The effects of climate change know no borders and do not have the same impact everywhere. That is why climate protection is playing an increasingly important role in development cooperation today. In sub-Saharan Africa, for example, the current challenges of food security and access to clean water are exacerbated by the problem of climate change. In Burkina Faso, the Swiss cooperation programme therefore promotes water-saving drip irrigation to ensure agricultural productivity. In countries such as Indonesia and Ghana, Switzerland is supporting a World Bank initiative aimed at the sustainable use and conservation of the rainforest.
Opening the Annual Development Cooperation Conference held at the Arena in Geneva by the Swiss Agency for Development and Cooperation (SDC) and the State Secretariat for Economic Affairs (SECO), FDFA State Secretary Yves Rossier emphasised how this phenomenon is fundamentally changing our environment. He stated that climate change will transform our societies and presents one of the greatest challenges that humanity has ever known.
The head of the SECO's Economic Cooperation and Development Division, Beatrice Maser, also noted that development cooperation is called upon to systematically consider the dimension of climate change in its operations, and stressed the key role played by the private sector in financing measures to tackle climate change in developing countries.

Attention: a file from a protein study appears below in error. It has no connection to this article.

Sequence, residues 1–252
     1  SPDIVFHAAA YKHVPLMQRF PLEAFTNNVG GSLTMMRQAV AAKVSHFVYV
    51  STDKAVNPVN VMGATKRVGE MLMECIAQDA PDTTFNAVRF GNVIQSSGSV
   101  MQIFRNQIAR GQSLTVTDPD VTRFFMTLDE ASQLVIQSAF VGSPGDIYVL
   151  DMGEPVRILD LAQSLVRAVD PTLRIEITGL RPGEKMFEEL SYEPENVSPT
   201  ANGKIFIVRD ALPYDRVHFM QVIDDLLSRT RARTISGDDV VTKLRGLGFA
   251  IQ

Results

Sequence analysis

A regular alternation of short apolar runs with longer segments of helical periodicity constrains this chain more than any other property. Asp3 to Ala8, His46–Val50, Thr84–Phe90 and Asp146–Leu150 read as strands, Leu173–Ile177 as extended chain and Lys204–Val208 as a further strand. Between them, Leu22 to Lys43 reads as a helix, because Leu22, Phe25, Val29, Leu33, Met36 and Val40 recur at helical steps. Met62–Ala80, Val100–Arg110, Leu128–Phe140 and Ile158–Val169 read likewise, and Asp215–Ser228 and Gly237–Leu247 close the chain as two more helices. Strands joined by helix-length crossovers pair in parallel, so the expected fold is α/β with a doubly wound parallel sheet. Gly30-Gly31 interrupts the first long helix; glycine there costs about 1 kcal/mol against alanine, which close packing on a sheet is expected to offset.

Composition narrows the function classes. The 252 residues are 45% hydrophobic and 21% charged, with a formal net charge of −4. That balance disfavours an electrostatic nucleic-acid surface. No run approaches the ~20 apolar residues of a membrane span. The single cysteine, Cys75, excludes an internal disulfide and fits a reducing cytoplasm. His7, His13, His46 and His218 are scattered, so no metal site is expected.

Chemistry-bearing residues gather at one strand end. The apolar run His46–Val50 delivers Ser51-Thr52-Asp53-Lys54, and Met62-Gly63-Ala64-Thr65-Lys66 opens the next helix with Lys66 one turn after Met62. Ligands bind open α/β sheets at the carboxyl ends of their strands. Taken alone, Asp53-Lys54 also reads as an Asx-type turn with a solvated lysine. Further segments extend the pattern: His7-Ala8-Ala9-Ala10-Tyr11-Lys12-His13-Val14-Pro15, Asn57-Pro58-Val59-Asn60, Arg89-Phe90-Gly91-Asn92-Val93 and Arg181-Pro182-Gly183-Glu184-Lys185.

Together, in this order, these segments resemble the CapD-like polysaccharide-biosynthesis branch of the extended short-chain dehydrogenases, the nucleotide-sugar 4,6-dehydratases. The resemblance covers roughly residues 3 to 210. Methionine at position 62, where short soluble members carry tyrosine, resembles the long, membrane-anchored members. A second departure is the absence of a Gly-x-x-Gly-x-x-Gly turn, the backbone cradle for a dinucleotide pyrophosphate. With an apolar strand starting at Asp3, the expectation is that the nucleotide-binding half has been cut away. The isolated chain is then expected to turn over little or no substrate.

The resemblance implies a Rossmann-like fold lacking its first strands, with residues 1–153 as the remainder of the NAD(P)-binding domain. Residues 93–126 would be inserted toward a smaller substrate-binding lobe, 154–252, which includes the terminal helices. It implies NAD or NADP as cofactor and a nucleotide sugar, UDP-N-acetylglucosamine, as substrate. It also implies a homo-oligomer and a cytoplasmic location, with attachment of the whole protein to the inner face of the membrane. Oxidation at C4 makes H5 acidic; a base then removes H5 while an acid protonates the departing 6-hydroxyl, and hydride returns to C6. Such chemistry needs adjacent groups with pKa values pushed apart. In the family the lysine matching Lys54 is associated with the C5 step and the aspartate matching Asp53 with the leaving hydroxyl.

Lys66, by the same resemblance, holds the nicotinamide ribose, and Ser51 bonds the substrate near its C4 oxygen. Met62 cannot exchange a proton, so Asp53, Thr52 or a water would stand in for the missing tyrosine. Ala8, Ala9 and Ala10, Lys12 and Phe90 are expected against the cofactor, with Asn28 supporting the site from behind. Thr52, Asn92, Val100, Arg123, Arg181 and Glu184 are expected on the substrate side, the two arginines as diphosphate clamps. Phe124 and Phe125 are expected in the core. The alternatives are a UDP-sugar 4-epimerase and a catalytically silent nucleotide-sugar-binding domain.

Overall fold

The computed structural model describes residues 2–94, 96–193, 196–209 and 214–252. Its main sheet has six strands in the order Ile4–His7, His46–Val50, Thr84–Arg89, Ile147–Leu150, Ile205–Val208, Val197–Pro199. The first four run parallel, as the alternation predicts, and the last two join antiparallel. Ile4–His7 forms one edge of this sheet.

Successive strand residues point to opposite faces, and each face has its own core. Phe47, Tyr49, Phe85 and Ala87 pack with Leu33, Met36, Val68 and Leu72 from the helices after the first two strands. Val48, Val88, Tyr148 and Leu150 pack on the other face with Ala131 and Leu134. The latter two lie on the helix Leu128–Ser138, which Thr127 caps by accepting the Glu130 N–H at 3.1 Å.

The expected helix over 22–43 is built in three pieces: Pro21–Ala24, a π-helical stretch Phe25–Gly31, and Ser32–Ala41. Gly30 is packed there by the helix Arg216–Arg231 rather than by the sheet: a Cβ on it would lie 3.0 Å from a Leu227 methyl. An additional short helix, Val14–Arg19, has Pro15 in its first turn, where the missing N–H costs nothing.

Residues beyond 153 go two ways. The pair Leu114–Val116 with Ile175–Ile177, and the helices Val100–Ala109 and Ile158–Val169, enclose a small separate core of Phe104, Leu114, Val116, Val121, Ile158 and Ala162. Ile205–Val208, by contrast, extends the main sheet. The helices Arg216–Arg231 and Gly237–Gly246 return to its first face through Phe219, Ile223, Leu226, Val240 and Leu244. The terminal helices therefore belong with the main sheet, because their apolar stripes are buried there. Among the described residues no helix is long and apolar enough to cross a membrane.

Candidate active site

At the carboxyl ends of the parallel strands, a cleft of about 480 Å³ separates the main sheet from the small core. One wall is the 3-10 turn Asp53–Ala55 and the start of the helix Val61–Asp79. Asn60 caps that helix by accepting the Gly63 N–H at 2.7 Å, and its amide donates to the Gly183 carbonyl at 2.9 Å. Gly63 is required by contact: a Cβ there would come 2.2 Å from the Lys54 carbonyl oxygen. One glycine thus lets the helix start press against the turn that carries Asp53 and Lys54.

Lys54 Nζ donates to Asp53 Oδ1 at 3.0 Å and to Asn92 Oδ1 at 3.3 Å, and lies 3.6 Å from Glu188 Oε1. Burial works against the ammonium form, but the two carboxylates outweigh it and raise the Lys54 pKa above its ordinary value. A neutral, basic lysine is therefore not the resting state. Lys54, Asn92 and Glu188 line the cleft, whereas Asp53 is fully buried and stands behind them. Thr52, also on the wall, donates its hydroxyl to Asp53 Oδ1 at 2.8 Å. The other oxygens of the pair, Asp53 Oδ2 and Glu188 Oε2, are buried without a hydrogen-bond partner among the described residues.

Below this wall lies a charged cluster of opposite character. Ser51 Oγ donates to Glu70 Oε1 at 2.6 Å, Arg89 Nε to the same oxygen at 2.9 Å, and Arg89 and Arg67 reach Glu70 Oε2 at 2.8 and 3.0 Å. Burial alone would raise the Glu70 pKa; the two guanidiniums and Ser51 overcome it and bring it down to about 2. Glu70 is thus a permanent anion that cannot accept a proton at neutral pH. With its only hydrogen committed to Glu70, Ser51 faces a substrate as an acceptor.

Several speakers, including Dr Rajendra K Pachauri, Chairperson of the Intergovernmental Panel on Climate Change (IPCC), outlined a sustainable future, focusing in particular on the threat to the food supply posed by climate change in India and Tanzania, possible solutions offered by eco-industrial parks, for example in Vietnam, and public-private funding to improve climate protection globally.
Participating for the last time at the annual conference as director-general of the SDC, Martin Dahinden also gave a speech in which he insisted that tackling poverty requires both the protection of natural resources and a healthy economy. Referring to Voltaire's "Candide, ou l'Optimisme" published in Geneva, he reiterated the need for optimism in development, rejoicing that "for the first time in the history of humanity, the eradication of absolute poverty is a realistic goal". For this to materialise however, it is essential to “develop global policies and work with players in the private sector. We have to think and act together in new ways,” he added. Only by taking such steps will we be able to understand problems as complex as climate change as a whole.
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